Connect with Dr. online via email, instant chat, SMS, online visit




  • College kids don’t want to water-down their conversations because their mom is now their friend on Facebook - multiple contexts have collided as people are connecting to their family, children, coworkers - there is no delineation, no semi-private space. For Communities of Care to be truly engaging, the context has to be clearly defined so people feel comfortable discussing personal, often emotionally charged topics.

  • My participation in online social media is informed by my sense of self and self image
    I actively create, maintain, tweak, and monitor my online Persona
    I have a self-interest in seeing my online presence acknowledged and reflected back to me
    I use social media as an extension of myself, often telling about and narrating biographical details and reflecting how I would like to be seen
    In the health & wellness space, I may be very sensitive to self image, self perception, acknowledgment, status, position, success

  • People gather around shared interests, passions, goals - this forms the context for sharing. This is not goal or activity centered design - because there is no end-state for engagement.



  • Know when I am online. Know when others are as well, and the degree to which they are willing to engage.

  • Social ties are complex. People want to gather around cronic conditions, around shared interests as well - the community of care must allow for sub-groups to develop organically. For groups around cronic conditions, this is where the care team can/should/must contribute.



  • Patients that are sharing their personal information need to know it won’t be traded upon. This trust only develops over time - and it only takes 1 time to destroy it. Trust is not transferrable and is completely dependent on context.

  • People make mistakes - reputation system & mechanisms to save face and repair a tarnished reputation.
    One of the mechanisms we designed into Gather was the ability to earn points based on positive contributions to the community. Those points are redeemable for prizes, gift cards, and cash.
    Yelp.com has a sophisticated reputation system for rewarding good behavior, as does eBay. A means of introducing feedback loops into the system.

  • Any community has it’s own sense of time, and conversations have a tempo, velocity, and flow.

    Design for conversations - understand how they work, the mechanisms, the value.

  • People have boundries. Patients & people need to be able to have different types of conversations based on their closeness with other people in social media.

  • People need to have granular control over what their connections can see - this includes profile information, but also Who I follow, who follows me, what conversations I am engaged in. Patients managing their persona & conversations in the context of cronic conditions must trust the system is designed for this.

  • A grammar - set of rules - and community managers or high-trust people to oversee the conversation - make sure people are behaving - people are engaging in a positive way


  • surface compelling, active or high velocity discussions allows more rapid engagement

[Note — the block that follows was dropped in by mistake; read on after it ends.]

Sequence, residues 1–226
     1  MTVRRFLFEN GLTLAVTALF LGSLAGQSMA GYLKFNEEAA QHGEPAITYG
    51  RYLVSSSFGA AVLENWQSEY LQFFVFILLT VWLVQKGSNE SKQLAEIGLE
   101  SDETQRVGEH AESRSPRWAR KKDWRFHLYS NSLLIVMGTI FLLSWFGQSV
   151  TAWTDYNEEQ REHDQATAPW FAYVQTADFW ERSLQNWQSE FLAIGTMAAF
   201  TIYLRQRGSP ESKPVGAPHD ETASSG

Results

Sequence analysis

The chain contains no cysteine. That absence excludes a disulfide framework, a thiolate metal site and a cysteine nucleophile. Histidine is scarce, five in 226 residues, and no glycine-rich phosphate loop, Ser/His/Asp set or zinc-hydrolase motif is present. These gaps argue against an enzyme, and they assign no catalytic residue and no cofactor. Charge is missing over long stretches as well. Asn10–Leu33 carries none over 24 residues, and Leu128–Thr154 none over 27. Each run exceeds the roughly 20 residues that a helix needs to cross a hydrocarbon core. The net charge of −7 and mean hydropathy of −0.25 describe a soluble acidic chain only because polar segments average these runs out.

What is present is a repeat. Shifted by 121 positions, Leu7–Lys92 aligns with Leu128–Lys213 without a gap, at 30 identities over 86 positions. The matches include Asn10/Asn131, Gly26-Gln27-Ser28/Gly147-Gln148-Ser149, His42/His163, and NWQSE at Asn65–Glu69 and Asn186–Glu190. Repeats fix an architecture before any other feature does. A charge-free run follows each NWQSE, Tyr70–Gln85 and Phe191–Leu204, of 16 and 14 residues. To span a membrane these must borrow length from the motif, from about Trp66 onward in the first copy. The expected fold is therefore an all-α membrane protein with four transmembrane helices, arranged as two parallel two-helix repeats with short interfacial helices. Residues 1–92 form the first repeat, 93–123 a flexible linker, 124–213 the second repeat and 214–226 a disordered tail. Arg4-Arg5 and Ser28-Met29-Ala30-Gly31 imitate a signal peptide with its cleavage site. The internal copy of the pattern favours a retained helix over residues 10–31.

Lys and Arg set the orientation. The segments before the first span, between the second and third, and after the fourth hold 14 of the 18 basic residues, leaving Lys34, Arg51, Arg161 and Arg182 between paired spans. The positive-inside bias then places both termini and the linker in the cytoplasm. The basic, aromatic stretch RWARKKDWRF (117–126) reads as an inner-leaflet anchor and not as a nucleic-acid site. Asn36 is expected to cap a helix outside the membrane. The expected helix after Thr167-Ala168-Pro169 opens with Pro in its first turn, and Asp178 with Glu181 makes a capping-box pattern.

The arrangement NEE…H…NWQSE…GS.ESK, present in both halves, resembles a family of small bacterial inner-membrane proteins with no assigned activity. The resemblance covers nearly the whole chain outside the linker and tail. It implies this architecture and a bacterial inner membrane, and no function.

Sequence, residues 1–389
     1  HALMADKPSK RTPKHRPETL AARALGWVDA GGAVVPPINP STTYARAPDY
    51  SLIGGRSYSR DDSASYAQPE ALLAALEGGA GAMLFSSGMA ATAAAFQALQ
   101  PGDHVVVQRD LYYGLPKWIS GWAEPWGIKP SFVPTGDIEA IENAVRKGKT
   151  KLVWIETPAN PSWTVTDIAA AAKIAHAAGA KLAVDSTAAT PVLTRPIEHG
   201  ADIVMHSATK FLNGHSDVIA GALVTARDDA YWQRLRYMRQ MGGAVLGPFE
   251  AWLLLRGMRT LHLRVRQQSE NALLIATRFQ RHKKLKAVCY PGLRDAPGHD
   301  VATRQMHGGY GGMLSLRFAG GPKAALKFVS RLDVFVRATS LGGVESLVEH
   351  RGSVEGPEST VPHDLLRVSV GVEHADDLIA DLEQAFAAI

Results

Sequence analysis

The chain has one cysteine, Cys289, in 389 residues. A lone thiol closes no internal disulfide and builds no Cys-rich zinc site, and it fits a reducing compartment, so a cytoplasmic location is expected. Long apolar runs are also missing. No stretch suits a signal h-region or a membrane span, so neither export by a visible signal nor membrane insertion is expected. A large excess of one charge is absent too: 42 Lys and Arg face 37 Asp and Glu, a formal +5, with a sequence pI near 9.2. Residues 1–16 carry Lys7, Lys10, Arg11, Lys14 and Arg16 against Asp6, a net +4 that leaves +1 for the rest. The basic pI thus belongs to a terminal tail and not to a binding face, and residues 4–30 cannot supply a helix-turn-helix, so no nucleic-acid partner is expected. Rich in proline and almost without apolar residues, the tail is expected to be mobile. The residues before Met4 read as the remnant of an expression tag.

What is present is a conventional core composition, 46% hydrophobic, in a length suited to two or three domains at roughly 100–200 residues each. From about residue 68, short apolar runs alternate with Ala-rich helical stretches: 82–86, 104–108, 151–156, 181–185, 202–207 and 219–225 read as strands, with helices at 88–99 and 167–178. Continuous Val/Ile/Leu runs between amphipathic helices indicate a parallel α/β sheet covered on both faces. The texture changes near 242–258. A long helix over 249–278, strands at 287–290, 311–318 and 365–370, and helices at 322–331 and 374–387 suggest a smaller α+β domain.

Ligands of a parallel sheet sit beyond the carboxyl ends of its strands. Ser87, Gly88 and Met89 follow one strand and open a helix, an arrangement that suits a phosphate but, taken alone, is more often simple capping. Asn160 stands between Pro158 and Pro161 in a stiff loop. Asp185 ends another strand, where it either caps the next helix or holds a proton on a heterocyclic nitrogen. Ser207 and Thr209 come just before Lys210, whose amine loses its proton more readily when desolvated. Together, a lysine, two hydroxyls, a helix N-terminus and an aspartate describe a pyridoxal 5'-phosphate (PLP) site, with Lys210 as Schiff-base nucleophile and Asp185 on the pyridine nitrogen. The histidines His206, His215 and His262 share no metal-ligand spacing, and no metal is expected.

surface people that share interests so people can serendipitously connect.


  • Transcript

    • 1. Designing Communities of Care Strategic Social Interaction Design in Healthcare Amy Cueva Chief Experience Officer Map*Pow Will Evans Director, Experience Design Semantic Foundry
    • 2. Who are these folks? @amycueva @semanticwill © 2008 Will Evans Evans & AmyFoundry, LLC © 2010 Will | Semantic Cueva
    • 3. We wonʼt talk about... © 2010 Will Evans & Amy Cueva
    • 4. Definition ‣ Social Interaction Design (SxD) is the conceptualization, research, strategy, and production of dynamic ecosystems that support community, conversation & collaboration ‣ me, 2008 © 2010 Will Evans & Amy Cueva
    • 5. Social Interaction Design ‣ Social Interaction Design (SxD) is not web design ‣ SxD is about complex, dynamic ecosystem design ‣ The User Interface is the Social Interface ‣ The content is the conversation © 2010 Will Evans & Amy Cueva
    • 6. Social Experience Design So, if the user interface is the social interface and If the content is the conversation then We need a model of conversation © 2010 Will Evans & Amy Cueva
    • 7. Social Experience Design People like to talk about conversation... about authenticity... What, exactly, is it? and How do you design a community of care to facilitate that? © 2010 Will Evans & Amy Cueva
    • 8. Socio-Cybernetic Model Text © 2010 Will Evans & Amy Cueva
    • 9. a participant has a goal Text © 2010 Will Evans & Amy Cueva
    • 10. chooses a context Text © 2010 Will Evans & Amy Cueva
    • 11. negotiates a language Text © 2010 Will Evans & Amy Cueva
    • 12. begin an exchange of symbols Text © 2010 Will Evans & Amy Cueva
    • 13. causes a reaction Text © 2010 Will Evans & Amy Cueva
    • 14. that evokes a response Text © 2010 Will Evans & Amy Cueva
    • 15. agreement may be reached Text © 2010 Will Evans & Amy Cueva
    • 16. Social Media Design Basics Basics ‣ You can’t design the conversation ‣ But the interface can mediate, guide, inform the conversation ‣ The interface can encourage or discourage certain types of behavior - through identity, reputation systems, game mechanics... © 2010 Will Evans & Amy Cueva